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Jacobia: Henry Jacobs’ vision for Hagar Township (Part I)


JACOBS WATER TOWER... erected in 1916 by Walter Miller proved to be a focal point of the development. The 160-foot tall water tower was commonly used by sightseers as an observation platform. A staircase was built in the interior up to the water tank where it continued outside to the observation platform.

What was once a 180-acre family farm and recreational estate for vacationers located on the beautiful shores of Lake Michigan is now just faint memories.

Located in Hagar Township, Jacobia was originally developed by Henry William Jacobs between 1914 and 1925. Jacobs was known to be a bit unruly, yet gifted. He quit school in the fifth grade and became an apprentice in a machine shop. He then went on to become a machinist in the Navy.

Jacobs married his wife, Marie Meta Schutte Jacobs in New York in 1896. When he left the Navy it is said that he used his wife’s $500 inheritance to invest in a machine shop. He later became the assistant superintendent for locomotion of the Atchison, Topeka & Santa Fe railway where he rose to the rank of vice president.

Henry William Jacobs, the inventor

Though Jacobs spent much of his life working for the railroads he was an inventor at heart. In his lifetime, he acquired patents for 160 inventions; however, some of them were not as lucrative as others.

One of his major achievements was in redesigning the firebox to make it not only more efficient but safer which was marketed through the Jacobs-Shupert United States Firebox Company. The company filed for a patent on Feb. 24, 1914, and sold it to the Frisco Railroad. This gave him the capital to form the Oxweld Service Company which was a consulting firm for the railroad industry that had offices in both New York and Chicago.

The Oxweld company would grow to be housed in an office on Michigan Avenue in downtown Chicago. And just like many Chicagoans of today, Jacobs required a summer home, and what better place to look than southwest Michigan?

Establishment of Jacobia

In an account by Henry’s daughter, Bertha the family purchased the first parcel of land in 1914 from the Fremeyer family (the correct spelling of the family name is unknown), and the last piece of acreage purchased from the Brandt Estate making the property about 180 acres with 2,000 feet of Lake Michigan shoreline.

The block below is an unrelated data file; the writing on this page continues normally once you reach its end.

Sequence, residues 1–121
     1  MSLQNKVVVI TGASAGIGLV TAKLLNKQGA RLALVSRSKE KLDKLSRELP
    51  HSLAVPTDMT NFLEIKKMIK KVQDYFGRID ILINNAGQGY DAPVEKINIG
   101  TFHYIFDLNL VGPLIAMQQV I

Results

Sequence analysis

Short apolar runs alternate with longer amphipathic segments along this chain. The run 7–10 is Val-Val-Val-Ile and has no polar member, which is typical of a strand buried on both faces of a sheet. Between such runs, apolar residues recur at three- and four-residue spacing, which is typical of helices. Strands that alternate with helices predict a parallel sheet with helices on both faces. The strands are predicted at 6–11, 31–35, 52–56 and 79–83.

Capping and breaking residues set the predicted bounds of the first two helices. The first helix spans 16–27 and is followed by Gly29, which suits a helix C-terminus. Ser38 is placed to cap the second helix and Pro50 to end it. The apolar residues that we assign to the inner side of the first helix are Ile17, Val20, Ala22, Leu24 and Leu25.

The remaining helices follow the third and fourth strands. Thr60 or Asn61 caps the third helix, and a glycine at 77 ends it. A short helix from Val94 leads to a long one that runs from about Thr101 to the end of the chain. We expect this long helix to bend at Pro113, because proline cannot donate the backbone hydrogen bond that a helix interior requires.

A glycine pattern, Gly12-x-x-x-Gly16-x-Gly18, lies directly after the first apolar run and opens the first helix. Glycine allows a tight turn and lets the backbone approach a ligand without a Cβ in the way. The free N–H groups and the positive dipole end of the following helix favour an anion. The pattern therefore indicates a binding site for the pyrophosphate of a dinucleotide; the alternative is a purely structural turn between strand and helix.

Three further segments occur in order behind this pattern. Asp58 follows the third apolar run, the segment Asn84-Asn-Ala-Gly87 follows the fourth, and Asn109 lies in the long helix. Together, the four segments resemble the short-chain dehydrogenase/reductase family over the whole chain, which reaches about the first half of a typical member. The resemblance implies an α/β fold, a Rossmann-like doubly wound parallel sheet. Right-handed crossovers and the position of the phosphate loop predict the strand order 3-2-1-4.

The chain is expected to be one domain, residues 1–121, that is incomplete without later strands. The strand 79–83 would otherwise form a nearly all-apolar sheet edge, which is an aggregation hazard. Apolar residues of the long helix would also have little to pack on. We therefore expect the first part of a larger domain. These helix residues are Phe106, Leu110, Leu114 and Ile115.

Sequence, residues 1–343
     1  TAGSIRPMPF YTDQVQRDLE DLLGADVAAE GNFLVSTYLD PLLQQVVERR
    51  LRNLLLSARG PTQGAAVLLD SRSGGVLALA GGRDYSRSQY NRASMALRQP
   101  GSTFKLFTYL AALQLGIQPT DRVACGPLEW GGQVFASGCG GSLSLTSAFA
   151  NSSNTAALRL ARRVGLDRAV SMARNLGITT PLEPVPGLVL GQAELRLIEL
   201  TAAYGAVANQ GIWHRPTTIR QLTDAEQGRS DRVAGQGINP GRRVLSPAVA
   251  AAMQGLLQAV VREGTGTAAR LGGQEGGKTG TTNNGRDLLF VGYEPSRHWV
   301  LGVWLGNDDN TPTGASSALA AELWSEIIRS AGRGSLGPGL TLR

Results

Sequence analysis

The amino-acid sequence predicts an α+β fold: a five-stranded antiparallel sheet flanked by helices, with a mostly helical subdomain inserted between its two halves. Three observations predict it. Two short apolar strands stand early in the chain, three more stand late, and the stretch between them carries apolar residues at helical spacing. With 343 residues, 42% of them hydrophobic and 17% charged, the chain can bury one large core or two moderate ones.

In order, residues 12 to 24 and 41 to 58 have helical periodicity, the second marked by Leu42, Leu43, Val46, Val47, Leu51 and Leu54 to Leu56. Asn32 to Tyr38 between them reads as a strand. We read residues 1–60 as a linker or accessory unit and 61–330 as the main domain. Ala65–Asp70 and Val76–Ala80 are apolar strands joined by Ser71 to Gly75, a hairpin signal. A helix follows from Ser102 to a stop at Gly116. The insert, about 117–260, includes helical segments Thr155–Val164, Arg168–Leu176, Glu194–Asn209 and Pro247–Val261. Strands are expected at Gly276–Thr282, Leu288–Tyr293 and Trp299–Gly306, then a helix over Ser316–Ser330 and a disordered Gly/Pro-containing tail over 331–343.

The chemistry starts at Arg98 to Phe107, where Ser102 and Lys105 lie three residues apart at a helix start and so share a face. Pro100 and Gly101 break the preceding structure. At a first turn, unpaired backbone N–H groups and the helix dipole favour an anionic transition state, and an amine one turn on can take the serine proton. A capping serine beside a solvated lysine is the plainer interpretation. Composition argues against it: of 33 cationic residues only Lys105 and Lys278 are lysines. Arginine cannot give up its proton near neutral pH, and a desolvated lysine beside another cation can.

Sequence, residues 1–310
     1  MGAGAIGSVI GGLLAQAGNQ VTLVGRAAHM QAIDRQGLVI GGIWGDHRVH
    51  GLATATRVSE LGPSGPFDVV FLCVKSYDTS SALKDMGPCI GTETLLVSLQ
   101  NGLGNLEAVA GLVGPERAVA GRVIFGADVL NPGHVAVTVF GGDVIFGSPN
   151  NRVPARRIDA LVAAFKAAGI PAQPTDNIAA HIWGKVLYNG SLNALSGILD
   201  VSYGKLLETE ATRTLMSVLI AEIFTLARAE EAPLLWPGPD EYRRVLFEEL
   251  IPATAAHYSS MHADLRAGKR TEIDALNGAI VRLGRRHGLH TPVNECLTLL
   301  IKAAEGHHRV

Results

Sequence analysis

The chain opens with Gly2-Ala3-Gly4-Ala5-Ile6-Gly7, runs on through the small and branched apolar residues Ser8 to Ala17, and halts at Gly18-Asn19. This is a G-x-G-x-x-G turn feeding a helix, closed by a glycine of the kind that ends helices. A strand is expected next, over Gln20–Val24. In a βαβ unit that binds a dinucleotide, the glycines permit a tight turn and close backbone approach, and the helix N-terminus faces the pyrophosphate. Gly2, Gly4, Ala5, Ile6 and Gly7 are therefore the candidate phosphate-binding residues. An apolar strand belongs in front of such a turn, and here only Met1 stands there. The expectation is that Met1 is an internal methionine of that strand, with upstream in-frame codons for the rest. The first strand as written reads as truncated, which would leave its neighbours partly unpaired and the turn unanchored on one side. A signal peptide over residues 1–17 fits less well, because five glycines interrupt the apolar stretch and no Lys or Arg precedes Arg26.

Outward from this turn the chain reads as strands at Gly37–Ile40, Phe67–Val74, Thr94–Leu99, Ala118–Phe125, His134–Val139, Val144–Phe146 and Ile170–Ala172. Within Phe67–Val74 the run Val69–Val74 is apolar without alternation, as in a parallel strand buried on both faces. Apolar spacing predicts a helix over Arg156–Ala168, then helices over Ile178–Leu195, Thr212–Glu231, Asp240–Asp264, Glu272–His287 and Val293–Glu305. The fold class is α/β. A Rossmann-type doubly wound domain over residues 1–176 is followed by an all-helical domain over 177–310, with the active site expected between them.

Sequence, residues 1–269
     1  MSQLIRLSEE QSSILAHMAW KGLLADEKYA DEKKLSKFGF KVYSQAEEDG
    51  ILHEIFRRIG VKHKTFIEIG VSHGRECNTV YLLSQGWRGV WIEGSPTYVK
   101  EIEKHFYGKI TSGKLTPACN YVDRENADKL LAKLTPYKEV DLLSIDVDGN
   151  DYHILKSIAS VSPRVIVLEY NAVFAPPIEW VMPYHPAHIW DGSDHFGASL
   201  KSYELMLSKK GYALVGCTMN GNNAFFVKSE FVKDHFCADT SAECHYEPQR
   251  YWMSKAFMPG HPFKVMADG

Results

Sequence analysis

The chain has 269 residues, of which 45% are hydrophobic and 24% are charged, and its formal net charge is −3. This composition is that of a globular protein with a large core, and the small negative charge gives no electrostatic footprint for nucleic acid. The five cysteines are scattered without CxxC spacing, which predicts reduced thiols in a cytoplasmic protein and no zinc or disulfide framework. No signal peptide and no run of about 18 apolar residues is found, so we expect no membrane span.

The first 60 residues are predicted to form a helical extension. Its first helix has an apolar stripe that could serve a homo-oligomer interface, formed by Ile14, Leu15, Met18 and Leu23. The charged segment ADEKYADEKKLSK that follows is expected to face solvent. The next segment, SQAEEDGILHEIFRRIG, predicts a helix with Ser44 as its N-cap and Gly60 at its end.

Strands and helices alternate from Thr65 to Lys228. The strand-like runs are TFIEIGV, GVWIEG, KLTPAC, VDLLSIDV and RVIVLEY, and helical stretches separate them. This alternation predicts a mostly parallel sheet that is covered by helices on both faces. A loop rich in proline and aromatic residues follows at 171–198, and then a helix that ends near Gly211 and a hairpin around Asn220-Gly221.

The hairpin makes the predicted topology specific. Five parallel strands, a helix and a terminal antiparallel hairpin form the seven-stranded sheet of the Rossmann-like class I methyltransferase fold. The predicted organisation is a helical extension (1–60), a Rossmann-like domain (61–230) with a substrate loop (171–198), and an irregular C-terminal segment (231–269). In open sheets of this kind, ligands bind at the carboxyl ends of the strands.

The first name of this property was known as Camp the Hague. Hague means peace, and because Jacobs was known to be against America going to war, he felt this name fitting though he later renamed the farm Jacobia.

The estate was notable locally for its most unusual structure, a water and observation tower that sat on the top of the dunes and was affectionately named Jacobs Tower. The tower was known to be modeled after a medieval Hungarian Robber Baron tower and was between 110 and 160 feet tall.

The tower Jacob built had an outside stairway and an observation walkway so guests could climb up and see the lake and also observe ships entering and leaving Benton Harbor and the St Joseph River.

The tower also housed a 1,200-gallon water tank where it stored the pumped water out of Lake Michigan that was used to fill a beachside swimming pool, and to store water used to redistribute throughout the farm. With Jacobs’s passion for aeronautics coupled with his ingenuity, he used his abandoned “multiplane” aircraft engines to pump the water from the lake.

During WWI this attracted local authorities’ attention and he was investigated as to whether he was a German spy who might be signaling to enemy submarines in Lake Michigan (see Willis Dunbar, 1968, How It Was in Hartford Michigan, p. 210-11 for more).

Along with the tower, the farm grew to have a barn, a dance pavilion, a lakeside cottage, guest tent accommodations, a family chapel, and a 150-foot wooden staircase which was named “Jacobs ladder” that lead from the farm to the beach.

Jacobs planned to convert his estate into an upscale resort after reading about the initial resort community, Michigan Beach Association, in the Chicago Evening Post newspaper. To “one-up” the association, Henry kept trying to get Jacobia incorporated as a town, but he kept getting denied.

Sadly, the development barely got off the ground because of a series of tragedies, misfortunes, and a drinking problem, which led to his death.

Jacobia was parceled off and sold by his family members.


(Part II in next week’s

Tri-City Record)

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